A lot has been written and said about the events in Charlottesville, Virginia yesterday. I was struck by a thought about it all while I took a long walk to visit an old friend today.
The narrative often begins by describing a planned “peaceful demonstration” by a group of neo-Nazis, neo-Confederates, white supremacists and Klansmen. Klansmen. In 2017.
It usually continues, with self-righteous agreement all around, that they have a right to express themselves as protected by the Constitution of the United States.
That’s right, up to a point. Peaceful demonstration is a form of political speech, and it’s protected by amendment one of our Constitution. There’s just one problem with yesterday’s exercise of that right.
There is no such thing as a peaceful demonstration by white supremacists, by neo-Nazis, by neo-Confederates, or by the “Klan” who are bent on making our culture and our country look like their fever dreams, asserting the supremacy of white, privileged, usually Southern men. There is violence in their speech. It is on their flags, it is in their pointy Klan hats.
If you’re in any doubt about that ask a black man or woman, an older one if you can. Ask about their life – pre-1970s, when these pointy-hatted fools ran amok in the majority in the South and black families were segregated in their housing and their schooling in the North, too – and ask if they saw any inherent violence among the “peaceful demonstrators” before the crap hit the fan and a lunatic mowed down counter-demonstrators, killing a woman.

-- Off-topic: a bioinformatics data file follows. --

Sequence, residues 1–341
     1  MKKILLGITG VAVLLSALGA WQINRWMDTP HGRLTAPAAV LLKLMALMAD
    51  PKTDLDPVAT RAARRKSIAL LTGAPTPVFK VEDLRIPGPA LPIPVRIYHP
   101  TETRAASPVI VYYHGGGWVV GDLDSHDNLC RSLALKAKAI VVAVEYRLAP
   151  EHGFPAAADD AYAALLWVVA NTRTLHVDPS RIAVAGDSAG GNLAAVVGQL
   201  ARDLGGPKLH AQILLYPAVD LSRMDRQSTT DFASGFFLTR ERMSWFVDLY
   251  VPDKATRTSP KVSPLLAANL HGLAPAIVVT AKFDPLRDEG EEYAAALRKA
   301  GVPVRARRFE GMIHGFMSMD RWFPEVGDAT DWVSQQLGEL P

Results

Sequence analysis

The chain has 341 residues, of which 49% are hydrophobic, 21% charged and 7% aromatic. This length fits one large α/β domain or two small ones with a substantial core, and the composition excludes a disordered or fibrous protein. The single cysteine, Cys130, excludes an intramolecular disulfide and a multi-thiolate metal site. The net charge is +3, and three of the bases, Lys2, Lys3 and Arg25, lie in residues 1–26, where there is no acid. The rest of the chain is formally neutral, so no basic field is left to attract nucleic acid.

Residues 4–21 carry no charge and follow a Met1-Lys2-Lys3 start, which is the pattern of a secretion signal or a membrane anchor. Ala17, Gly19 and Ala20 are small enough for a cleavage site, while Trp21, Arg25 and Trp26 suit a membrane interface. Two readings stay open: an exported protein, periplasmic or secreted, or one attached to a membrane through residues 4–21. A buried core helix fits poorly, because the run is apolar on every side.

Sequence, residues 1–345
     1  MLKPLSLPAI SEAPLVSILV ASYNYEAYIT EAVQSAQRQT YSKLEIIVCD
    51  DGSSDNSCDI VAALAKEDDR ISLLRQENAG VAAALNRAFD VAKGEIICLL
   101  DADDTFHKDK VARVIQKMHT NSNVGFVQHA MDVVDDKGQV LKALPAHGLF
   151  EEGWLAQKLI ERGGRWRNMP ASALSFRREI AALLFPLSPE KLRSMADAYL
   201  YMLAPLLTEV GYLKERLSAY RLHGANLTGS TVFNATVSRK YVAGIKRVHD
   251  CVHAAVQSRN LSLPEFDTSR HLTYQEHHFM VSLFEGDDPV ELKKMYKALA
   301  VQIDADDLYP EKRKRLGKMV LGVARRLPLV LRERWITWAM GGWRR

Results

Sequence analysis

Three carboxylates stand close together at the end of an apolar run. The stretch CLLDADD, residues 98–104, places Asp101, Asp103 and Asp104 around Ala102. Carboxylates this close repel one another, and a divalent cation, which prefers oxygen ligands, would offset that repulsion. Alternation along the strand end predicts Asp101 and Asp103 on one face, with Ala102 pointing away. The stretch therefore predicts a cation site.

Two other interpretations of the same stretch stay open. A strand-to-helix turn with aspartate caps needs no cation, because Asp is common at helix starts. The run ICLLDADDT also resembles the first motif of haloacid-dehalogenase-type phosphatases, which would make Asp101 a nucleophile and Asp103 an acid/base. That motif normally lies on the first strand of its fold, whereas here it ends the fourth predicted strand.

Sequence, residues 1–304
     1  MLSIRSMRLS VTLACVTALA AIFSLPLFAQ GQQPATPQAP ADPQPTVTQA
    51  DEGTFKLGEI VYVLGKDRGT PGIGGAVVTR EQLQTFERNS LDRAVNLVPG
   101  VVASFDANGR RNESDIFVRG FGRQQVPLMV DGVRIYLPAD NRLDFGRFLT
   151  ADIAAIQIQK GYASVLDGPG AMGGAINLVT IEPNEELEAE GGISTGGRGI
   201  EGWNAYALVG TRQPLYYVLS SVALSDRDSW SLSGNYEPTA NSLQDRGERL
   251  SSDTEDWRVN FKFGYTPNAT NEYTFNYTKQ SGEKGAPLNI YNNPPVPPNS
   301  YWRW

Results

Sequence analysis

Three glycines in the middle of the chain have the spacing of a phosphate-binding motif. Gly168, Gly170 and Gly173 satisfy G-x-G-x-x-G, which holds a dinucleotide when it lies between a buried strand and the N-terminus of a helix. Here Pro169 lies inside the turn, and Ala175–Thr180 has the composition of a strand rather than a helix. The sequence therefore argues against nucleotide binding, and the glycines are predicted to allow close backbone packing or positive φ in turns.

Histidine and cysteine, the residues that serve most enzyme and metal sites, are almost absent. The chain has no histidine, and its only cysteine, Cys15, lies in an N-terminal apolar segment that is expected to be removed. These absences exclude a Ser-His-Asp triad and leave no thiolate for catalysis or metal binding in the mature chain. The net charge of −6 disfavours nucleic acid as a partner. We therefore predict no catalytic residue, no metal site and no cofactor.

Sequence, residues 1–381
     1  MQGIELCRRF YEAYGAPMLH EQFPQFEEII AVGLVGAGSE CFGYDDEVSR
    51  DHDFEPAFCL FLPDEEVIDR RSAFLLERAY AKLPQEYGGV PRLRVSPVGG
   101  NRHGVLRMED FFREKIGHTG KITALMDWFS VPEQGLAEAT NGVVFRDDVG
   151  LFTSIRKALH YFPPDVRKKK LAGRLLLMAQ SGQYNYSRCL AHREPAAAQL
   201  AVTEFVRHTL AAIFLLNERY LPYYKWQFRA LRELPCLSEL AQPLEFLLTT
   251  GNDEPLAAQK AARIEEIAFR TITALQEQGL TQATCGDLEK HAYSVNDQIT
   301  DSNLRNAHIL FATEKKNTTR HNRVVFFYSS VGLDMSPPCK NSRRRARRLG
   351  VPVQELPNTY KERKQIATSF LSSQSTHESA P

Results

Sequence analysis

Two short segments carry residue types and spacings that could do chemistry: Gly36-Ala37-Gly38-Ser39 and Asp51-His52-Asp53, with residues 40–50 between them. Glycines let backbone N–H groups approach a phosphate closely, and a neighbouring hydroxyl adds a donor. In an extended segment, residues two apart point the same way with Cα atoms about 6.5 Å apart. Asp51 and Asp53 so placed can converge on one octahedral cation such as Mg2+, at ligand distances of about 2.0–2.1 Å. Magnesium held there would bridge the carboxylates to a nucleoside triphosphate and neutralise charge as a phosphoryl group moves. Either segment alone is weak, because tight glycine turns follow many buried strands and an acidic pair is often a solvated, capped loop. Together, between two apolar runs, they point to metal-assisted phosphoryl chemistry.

Then ask yourself if this is the bargain we thought we made when we elected the white supremacists’ validator and enabler last November. Did you get what you were looking for in that guy?
Someone I’ve recently met and am humbled to know wrote a comment about these events today. It’s written from a place of deep, first-hand knowledge that comes from putting oneself in immediate danger for the sake of others:
We just have to keep fighting the same battles over and over again. Some of us fight them as they erupt and many others of us fight them every hour of every day.
Did you notice who’s fighting the fight? Us, and us. There is only us. Us who are outraged occasionally, and us who live it every day, living in their skin, living in their faith, living in their gender, living their life.
Awakening comes in many forms. Sometimes it hits a white boy in the head during a long walk, after a thought got stuck in his head for a day, a day that began angry, ashamed, outraged. At other times it arrives when you learn the hard way that the universe isn’t wired the way you thought it was. When the backlash hits after a black man dared to be president of the United States for eight years.
Awakening is always good, always healthy. Sometimes it’s difficult. Imagine getting ‘woke’ the moment you pop into this world, and never being let to forget it.
What happened down the road from us Saturday was no different than many events in the 1950s and 60s, except the majority has changed. The guys in red and black and pointy hats, “sieg heiling” their way through Emancipation Park were in the minority this time.
Don’t let your awakening come when the majority swings the other way.